NFLX Stock: Could This Be Bad News for Netflix, Inc.?

NetflixIs Amazon Prime a Threat to NFLX Stock?

Netflix, Inc. (NASDAQ:NFLX) is so popular that it has almost become a synonym for TV watching these days. Netflix’s stock has also gained tremendous popularity, as it has been the top gainer on the S&P 500 so far into 2015. However,, Inc. (NASDAQ:AMZN) just stepped up its game with its “Streaming Partners Program.” Will Netflix’s success continue? What about the NFLX stock price? Let’s see.

NFLX Stock: Amazon Prime Challenges the Incumbent

In an effort to boost its “Amazon Prime” offerings, Amazon decided to add on-demand programming from channels such as Showtime and Starz. To watch these channels, Amazon Prime members would have to pay an additional $8.99 for each channel per month. Showtime and Starz are part of Amazon’s launch of its Streaming Partners Program, which can connect video providers with millions of Amazon Prime members. (Source: “Amazon Announces the Streaming Partners Program,”, Inc., December 8, 2015.)

Note that at $8.99 per month, the subscription to Showtime is about two dollars cheaper than what you would pay if you were to get the channel through a cable provider. Amazon hopes that by expanding its content lineup in Prime Video, more people will sign up to the company’s $99.00-per-year Prime program, which also offers unlimited free two-day shipping. More Prime members would certainty be great because Prime members tend to spend more money on Amazon’s e-commerce platform than non-Prime members.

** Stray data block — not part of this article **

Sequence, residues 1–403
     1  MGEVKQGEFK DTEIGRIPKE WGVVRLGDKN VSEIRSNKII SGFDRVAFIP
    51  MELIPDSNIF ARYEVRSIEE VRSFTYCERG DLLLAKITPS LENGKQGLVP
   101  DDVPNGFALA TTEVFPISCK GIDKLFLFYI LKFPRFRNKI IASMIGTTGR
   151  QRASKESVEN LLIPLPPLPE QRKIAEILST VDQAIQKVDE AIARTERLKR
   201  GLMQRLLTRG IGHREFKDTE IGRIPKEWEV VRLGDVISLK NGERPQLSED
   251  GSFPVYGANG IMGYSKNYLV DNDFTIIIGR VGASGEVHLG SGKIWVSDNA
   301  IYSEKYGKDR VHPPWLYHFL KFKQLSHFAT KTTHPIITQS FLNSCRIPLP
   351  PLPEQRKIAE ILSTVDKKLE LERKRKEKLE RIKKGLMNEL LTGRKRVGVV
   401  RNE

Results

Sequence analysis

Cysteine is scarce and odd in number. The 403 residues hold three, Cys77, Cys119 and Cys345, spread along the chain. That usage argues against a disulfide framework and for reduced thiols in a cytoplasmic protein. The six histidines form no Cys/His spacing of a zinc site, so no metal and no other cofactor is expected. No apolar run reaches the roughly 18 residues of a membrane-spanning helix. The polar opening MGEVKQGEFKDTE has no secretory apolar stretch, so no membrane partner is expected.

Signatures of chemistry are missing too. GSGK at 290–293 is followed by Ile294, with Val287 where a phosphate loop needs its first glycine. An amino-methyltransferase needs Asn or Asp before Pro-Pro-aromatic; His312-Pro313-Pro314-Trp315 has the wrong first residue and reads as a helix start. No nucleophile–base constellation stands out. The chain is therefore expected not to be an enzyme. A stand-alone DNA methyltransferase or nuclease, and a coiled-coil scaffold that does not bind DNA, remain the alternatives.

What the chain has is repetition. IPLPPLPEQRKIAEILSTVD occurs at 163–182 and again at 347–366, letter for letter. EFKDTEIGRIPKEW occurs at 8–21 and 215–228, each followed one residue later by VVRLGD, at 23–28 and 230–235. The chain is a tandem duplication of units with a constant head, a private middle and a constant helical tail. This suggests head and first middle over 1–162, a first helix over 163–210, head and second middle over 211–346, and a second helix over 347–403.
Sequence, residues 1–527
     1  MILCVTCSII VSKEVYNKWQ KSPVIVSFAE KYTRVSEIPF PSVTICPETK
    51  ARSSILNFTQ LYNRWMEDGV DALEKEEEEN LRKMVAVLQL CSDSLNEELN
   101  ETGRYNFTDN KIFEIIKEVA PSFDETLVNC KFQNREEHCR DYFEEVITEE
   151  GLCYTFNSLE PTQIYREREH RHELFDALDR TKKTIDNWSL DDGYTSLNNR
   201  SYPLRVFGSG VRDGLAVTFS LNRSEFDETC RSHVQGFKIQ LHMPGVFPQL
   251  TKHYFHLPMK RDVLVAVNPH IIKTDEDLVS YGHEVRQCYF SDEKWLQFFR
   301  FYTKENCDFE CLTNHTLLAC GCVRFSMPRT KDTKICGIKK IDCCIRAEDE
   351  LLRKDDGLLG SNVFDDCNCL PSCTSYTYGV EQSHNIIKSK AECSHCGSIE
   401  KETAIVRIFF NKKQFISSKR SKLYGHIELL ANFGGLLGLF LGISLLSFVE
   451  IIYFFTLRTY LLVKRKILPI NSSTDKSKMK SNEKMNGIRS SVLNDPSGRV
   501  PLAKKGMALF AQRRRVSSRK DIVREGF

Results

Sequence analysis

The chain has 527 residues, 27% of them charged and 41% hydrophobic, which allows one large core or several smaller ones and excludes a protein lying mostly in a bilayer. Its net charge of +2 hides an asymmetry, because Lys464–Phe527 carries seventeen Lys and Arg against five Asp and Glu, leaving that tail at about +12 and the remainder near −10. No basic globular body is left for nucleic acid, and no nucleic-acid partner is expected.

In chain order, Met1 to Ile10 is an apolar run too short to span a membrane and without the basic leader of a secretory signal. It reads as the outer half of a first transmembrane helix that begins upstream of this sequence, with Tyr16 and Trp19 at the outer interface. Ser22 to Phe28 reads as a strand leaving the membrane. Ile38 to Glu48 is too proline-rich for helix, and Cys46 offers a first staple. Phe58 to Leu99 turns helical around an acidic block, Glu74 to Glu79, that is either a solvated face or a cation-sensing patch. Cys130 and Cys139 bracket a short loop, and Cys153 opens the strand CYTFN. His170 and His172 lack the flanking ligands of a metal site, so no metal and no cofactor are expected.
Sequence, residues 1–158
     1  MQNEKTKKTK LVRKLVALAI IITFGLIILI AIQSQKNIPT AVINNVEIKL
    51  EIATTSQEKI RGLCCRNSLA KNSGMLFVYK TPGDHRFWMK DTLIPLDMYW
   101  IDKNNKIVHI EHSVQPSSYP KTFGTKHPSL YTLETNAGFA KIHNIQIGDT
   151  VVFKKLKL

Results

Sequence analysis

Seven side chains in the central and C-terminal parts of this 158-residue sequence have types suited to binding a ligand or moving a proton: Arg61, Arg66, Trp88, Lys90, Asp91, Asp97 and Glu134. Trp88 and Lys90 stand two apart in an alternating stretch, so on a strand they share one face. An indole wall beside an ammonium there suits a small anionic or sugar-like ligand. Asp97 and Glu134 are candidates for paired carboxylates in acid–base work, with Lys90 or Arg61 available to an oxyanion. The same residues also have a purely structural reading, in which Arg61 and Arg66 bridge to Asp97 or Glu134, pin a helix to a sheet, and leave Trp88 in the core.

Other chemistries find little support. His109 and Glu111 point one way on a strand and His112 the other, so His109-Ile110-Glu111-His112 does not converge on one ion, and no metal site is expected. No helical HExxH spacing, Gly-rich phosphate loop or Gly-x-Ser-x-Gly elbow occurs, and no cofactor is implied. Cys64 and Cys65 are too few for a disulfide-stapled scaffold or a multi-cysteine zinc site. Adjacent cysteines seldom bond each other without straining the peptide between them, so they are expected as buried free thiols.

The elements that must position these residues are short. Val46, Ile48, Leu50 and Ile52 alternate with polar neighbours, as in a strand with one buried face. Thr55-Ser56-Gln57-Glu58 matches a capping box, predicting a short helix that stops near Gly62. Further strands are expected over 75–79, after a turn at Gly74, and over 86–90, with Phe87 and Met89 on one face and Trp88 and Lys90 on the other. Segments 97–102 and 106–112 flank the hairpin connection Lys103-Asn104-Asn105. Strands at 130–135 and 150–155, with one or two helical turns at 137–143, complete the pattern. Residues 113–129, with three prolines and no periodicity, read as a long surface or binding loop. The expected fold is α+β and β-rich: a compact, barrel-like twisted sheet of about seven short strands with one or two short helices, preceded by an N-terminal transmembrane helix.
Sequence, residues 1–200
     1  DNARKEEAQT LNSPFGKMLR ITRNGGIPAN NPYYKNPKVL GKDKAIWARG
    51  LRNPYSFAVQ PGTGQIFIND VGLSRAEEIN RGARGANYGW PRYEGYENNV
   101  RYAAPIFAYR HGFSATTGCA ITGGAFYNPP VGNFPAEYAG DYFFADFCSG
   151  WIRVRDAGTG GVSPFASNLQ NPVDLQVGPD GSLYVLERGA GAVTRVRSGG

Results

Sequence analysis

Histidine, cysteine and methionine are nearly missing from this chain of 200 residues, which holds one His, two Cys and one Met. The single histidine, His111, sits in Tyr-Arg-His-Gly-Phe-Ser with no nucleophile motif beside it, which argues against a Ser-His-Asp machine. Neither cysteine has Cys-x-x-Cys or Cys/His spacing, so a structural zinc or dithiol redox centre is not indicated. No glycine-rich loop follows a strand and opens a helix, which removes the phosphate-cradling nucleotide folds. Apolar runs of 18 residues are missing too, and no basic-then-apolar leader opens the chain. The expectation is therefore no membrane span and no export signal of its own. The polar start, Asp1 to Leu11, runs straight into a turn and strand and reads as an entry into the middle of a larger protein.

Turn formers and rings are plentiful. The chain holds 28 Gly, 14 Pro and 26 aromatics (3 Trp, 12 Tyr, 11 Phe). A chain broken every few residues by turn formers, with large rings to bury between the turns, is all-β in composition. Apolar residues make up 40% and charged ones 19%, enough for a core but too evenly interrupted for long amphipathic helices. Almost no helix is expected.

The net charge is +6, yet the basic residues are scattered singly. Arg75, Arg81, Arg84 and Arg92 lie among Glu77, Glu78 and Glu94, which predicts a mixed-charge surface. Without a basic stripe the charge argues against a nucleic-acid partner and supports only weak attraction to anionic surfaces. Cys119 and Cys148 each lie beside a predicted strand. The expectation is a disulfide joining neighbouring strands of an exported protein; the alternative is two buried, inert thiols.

So, Amazon’s move could boost business on its online shopping site. But what about the on-demand video streaming business currently dominated by Netflix? Well, on that front, Netflix has little to worry about.

Netflix’s appeal is easy to understand: a great price for great content that’s ideal for binge watching. With the standard plan costing $9.99 per month and the premium plan at $11.99, the value is hard to beat. This July, the company earned a career-high 34 Emmy nominations, led by House of Cards and Orange Is the New Black.

Note that Netflix does not offer add-ons. You get everything from its content library, even with the standard plan. (The premium plan just offers a version that’s better in quality.) It doesn’t seem likely that Amazon’s optional $8.99 add-on channels would have a meaningful impact on Netflix’s viewership.

Netflix is not standing still, either. The company’s original content has been growing in terms of both quantity and quality. Narcos, one of Netflix’s recent additions to its original content, has become a huge hit all over the world. The company’s first feature film Beasts of No Nation released this October has also been well received, with a 91% rating on Rotten Tomatoes. Netflix is shelling out big money on content, but the neat thing is, the more they spend, the happier the investors seem to get.

The company is also working on a new algorithm to save on its bandwidth. Netflix currently represents 36.5% of U.S. Internet traffic. According to my colleague Palwasha, the new algorithm, which serves the best quality of content based on each user’s Internet speed, could lead to 20% bandwidth savings. The cheaper bandwidth bill could help improve the company’s bottom line without affecting user experience.

The Bottom Line on NFLX Stock

In a word: leader.

Netflix is still the frontrunner in the on-demand video streaming industry. It reached more than 69 million subscribers by the third quarter of this year. Plus, the company’s investments in original content continue to improve its value proposition.

Will Amazon’s Streaming Partners Program work? It could help with Amazon’s e-commerce business, but for video streaming, Netflix will still be the first choice. This should be reassuring for NFLX stock investors.

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